The tongue-in-cheek hubris of this CD itself is one of its main selling points. On their second outing, The Boxing Lesson not only names the album Big Hits!, but tells the listener to “play loudly, do not shuffle” and writes the words “You’re welcome” on the inside of the jewel case.

Coming from Kanye West, this would be standard boasting, but The Boxing Lesson is not such a band. The other main selling point is the music itself; coming off a four-year gestation that saw turmoil for this trio, remaining members Paul Waclawsky and Jaylinn Davidson have created a solid rock and roll record that is not only miles ahead of their debut but also a contender for the Top 20 Albums of 2013.

The reason for the “do not shuffle” order is that the disc is structured a bit like a concept album, starting with the nine minute crawl of “Endless Possiblities” and hitting a number of rock songs before ending with the hazy “Fight Parade.” It makes sense to listen to it all the way through, as the music has momentum and a clear sense of direction. Such thought is not the norm in what passes for rock in this decade.my_heart_sings_the_harmony_web_ad_alt_250

As for the sound, the band has left behind the alt-emo sound of the debut for a more organic, garage and blues rock inspired approach that draws equally from the Foo Fighters and The Black Keys. Yet the space-rock, Floydian sound of the debut is here as well, not so much in the sound but in how certain songs take time to unfold and make the most of their space, creating tension and release. “Endless Possibilities” is like that, riding a sparse beat and slowly adding on instruments until, after an eternity, the vocals finally come in.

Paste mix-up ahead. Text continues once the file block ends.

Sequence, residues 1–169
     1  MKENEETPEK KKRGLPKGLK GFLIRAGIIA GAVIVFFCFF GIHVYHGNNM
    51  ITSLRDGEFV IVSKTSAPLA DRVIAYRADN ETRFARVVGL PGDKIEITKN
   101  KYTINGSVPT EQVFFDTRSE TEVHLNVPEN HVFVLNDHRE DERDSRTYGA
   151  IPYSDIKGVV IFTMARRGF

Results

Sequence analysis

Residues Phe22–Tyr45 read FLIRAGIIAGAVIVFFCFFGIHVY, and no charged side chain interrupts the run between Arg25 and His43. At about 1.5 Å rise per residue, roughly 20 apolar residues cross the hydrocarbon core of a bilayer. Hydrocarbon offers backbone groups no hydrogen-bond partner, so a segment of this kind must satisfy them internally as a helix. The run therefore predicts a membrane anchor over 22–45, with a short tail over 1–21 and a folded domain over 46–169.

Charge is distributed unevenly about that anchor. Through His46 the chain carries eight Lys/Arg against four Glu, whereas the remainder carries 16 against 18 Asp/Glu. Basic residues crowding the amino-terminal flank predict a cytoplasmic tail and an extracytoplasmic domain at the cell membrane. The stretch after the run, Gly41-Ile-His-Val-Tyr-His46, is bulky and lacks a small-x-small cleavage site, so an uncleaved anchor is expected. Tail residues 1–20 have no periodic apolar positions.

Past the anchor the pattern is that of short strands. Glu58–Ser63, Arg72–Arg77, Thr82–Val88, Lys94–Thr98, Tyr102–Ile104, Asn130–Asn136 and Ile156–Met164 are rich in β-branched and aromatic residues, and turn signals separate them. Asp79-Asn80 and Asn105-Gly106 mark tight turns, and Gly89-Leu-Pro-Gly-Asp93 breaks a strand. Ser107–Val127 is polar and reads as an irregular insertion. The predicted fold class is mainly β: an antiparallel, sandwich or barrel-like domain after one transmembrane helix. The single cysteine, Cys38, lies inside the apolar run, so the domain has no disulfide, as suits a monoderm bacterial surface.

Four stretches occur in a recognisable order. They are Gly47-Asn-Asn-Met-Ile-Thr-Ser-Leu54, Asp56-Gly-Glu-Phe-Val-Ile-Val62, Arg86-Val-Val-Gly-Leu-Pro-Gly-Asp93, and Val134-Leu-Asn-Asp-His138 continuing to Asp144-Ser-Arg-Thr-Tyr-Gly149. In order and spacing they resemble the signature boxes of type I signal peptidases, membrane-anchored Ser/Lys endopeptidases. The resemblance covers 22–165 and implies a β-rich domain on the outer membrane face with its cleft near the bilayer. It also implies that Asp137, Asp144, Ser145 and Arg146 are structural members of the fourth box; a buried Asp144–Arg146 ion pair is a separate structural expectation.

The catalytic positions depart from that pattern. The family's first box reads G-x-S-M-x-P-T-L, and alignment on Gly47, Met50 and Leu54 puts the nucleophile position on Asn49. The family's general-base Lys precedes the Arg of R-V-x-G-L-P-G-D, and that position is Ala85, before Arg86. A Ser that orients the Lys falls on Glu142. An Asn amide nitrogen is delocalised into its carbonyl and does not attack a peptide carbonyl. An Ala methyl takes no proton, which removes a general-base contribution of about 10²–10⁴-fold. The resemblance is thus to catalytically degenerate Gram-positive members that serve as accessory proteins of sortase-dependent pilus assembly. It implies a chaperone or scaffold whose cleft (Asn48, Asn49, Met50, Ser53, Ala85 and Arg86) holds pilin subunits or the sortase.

It’s a ballsy choice to start a disc like this, especially because most of what follows is far more energetic. “Tape Deck Time Machine” is an easy highlight, a kinetic, punchy raver that frankly is the direction rock music should be taking this decade. “Eastside Possibilities” and “Red River Blues” follow a similar pattern, songs that say a lot without laboring to say it, music with one foot on the ground and eyes to the clouds.

“Health Is The New Drug” sums up the joint space/garage rock approach, starting with a languid intro before moving into a catchy, head-bopping groove, allowing Waclawsky a chance to solo for a bit before moving into the Britpop-esque vocals. Several of the tracks on the second half of the disc repeat the themes of those first four songs to lesser results, but there are no outright clunkers, although “Fight Parade” ends with a bit of a whimper, even if it brings the trip back to where it begins.

The beauty of Big Hits! is that it can’t really be classified as space rock, alt rock or prog rock. Such a varied, involving listen deserves to be discussed outside of the band’s Austin, TX hometown, and certainly the band deserves validation after all it went through – car crash, theft of the master tapes, original drummer arrested for growing pot – to record something this good. Perhaps the boasting is warranted after all.

Rating: B+

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